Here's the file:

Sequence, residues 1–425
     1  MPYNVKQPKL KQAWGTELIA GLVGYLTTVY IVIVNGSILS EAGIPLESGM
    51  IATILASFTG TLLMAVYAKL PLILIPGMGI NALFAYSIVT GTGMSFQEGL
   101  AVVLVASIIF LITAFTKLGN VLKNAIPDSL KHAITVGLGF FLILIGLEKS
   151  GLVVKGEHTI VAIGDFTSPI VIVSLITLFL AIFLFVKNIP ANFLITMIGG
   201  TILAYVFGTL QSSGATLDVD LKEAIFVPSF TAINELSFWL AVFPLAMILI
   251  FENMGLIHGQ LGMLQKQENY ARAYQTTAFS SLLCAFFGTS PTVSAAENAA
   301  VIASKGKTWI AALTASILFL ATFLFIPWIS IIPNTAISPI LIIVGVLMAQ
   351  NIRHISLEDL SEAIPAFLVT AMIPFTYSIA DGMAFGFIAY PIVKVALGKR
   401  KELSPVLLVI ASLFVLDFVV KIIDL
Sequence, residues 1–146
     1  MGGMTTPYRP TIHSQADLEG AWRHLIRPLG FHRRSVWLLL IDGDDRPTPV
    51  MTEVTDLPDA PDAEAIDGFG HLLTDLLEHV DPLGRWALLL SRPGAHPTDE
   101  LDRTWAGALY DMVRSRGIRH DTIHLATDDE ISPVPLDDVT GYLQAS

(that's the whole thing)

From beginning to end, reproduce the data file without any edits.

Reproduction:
Sequence, residues 1–425
     1  MPYNVKQPKL KQAWGTELIA GLVGYLTTVY IVIVNGSILS EAGIPLESGM
    51  IATILASFTG TLLMAVYAKL PLILIPGMGI NALFAYSIVT GTGMSFQEGL
   101  AVVLVASIIF LITAFTKLGN VLKNAIPDSL KHAITVGLGF FLILIGLEKS
   151  GLVVKGEHTI VAIGDFTSPI VIVSLITLFL AIFLFVKNIP ANFLITMIGG
   201  TILAYVFGTL QSSGATLDVD LKEAIFVPSF TAINELSFWL AVFPLAMILI
   251  FENMGLIHGQ LGMLQKQENY ARAYQTTAFS SLLCAFFGTS PTVSAAENAA
   301  VIASKGKTWI AALTASILFL ATFLFIPWIS IIPNTAISPI LIIVGVLMAQ
   351  NIRHISLEDL SEAIPAFLVT AMIPFTYSIA DGMAFGFIAY PIVKVALGKR
   401  KELSPVLLVI ASLFVLDFVV KIIDL
Sequence, residues 1–146
     1  MGGMTTPYRP TIHSQADLEG AWRHLIRPLG FHRRSVWLLL IDGDDRPTPV
    51  MTEVTDLPDA PDAEAIDGFG HLLTDLLEHV DPLGRWALLL SRPGAHPTDE
   101  LDRTWAGALY DMVRSRGIRH DTIHLATDDE ISPVPLDDVT GYLQAS